“The most important issue in these talks is the
health and safety of the workers and of people living near
After only a few days of
bargaining, it seems that the Canadian National Railway Company (CN) is
bent on provoking its workers to launch a strike, regardless of the
insistence of the union to pursue discussions.
Negotiations broke down last
Friday and the company refuses to offer its formal proposal to the
workers’ Negotiations Committee. Moreover, no further dates of
discussions are scheduled and the company refused an extension of the
In fact, CN wants to use the
Labour Code to impose a settlement on the parties rather than bargain by
mutual agreement with the union of some 2700 conductors, yardmen and
traffic coordinators. CN workers are represented by the Teamsters Canada
Rail Conference (TCRC).
The union believes that Canadian
National wants the Government to quickly assign an arbitrator to the
case, thus disabling the normal bargaining process. These discussions
started last May, as the collective agreement ended in July.
There were only six days of actual bargaining before CN requested
“We have hardly begun
discussions before the employer wants to end them,” explains Bryan
Boechler, spokesperson for the TCRC Negotiations Committee. “And we all
know that it takes two to tango.”
The health and safety of the workers and of the
population are at stake
The rail company is proposing
modifications to eliminate all provisions pertaining to the rest period
by arguing that they are outdated. The workers could therefore be forced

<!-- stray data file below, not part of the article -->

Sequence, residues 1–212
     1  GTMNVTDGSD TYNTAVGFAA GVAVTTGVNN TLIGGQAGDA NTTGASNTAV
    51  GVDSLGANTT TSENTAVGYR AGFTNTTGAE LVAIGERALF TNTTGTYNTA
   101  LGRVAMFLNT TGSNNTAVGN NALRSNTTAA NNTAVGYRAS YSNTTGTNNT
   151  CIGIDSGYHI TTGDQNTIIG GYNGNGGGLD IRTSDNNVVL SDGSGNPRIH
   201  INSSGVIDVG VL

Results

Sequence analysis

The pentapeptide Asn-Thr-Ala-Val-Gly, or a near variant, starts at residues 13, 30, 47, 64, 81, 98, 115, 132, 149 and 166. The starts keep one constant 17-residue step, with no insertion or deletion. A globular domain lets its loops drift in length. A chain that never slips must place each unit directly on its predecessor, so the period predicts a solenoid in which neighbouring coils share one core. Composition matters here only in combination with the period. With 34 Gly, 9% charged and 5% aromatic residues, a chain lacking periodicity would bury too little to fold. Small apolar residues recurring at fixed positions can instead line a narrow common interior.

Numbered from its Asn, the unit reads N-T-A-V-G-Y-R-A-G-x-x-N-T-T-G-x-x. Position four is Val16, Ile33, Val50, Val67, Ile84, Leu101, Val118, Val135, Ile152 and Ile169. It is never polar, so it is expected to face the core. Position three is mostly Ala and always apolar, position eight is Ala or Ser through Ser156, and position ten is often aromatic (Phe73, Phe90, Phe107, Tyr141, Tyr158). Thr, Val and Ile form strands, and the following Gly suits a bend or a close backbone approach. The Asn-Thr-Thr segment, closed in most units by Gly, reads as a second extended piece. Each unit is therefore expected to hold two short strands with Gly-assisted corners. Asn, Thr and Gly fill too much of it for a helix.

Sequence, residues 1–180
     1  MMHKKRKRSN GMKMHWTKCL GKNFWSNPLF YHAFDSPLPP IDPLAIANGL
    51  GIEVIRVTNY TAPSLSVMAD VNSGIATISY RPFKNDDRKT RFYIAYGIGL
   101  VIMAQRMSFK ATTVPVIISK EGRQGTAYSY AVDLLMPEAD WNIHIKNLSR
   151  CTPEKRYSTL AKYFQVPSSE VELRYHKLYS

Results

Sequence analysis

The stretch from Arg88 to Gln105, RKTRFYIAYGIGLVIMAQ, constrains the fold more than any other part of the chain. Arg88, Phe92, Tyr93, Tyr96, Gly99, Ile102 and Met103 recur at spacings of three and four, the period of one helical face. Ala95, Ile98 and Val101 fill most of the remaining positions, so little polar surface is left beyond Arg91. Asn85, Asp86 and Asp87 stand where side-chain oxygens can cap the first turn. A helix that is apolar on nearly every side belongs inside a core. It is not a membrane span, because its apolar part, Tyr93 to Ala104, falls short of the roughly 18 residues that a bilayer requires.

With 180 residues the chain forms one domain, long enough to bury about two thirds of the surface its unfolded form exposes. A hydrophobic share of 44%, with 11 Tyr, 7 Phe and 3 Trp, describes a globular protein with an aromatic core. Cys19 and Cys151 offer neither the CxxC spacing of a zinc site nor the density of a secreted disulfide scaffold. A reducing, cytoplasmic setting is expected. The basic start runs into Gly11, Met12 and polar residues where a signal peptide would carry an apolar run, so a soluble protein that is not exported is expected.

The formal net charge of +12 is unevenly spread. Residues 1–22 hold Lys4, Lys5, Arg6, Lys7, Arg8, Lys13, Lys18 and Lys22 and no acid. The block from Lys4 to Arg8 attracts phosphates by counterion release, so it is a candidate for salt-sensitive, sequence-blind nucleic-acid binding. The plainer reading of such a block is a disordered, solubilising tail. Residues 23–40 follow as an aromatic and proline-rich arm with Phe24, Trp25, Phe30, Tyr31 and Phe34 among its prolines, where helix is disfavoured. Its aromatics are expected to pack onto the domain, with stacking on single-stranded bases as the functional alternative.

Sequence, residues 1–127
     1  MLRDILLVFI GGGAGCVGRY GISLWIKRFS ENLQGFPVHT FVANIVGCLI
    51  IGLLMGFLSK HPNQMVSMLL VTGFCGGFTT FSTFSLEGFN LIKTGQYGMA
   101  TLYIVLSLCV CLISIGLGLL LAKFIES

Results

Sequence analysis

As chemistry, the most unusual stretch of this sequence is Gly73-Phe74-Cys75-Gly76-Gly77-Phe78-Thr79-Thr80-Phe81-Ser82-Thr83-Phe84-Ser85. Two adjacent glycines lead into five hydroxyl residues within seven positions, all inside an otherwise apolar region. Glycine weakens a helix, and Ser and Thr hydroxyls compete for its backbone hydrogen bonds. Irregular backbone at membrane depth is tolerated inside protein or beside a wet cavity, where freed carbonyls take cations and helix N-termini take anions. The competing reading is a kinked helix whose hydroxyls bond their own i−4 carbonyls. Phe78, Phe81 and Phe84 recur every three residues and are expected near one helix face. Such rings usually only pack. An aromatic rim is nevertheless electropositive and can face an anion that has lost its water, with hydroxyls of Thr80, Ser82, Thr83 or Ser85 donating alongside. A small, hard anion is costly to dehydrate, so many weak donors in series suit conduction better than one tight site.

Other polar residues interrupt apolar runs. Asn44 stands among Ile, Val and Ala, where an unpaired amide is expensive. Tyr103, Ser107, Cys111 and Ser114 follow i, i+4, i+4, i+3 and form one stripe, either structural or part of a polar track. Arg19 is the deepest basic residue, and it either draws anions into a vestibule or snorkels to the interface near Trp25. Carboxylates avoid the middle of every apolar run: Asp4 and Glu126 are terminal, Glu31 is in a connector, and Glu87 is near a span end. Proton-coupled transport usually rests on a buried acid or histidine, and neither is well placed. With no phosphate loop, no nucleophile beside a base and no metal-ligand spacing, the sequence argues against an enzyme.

to work 24 of 32 hours, and then re-start this cycle 8 hours later. The
union believes that this proposal will increase the risk of accidents.
“Let us be clear: the most
important issue in these talks is the health and safety of the workers
and of people living near railroads,” explains Bryan Boechler,
spokesperson for the Teamsters Canada Rail Conference. “My worries are
based on my experience on the field, not on a bogus theory put forth by
some managers of the company.”
The conflict looming on the
horizon therefore strangely resembles the prevailing situation between
the locomotive engineers and the company in December of 2009.
CN had wanted to unilaterally change the working conditions of
the locomotive engineers, which brought about a strike. The health and
safety of the workers and of the public were also at the core of the
The union had no other choice
but to send a strike vote by mail to its members. The results are
expected sometime between now and the end of September. A walkout or a
lockout could therefore take place in the Fall.
“We feel that they will lock us
out or force a strike in order to have the Government order arbitration,
adds Boechler. We invite the company to return to the bargaining table
with an open attitude instead.“
In closing, CN reports profits
of $1.26 billion in 2009.
This company operates a transcontinental network of 28,200 km that
serves several Canadian provinces and American states. It crosses all of
Canada from East to West between Nova-Scotia and British Columbia; from
North-South, it crosses the United States between the region of the
Great Lakes and the Gulf of Mexico.
The Teamsters Union represents 125,000 members in Canada in all
trades. The International Brotherhood of Teamsters, with which Teamsters
Canada is affiliated, has 1.4
million members in North America.
The Teamsters Canada Rail Conference represents more
than 14,000 workers in all trades of the rail industry throughout the
Bryan Boechler, Teamsters Canada
Cell phone: (780) 691-3008
Director of Communications, Teamsters Canada
Cell phone: (514) 609-5101
Office: (450) 682-5521 x236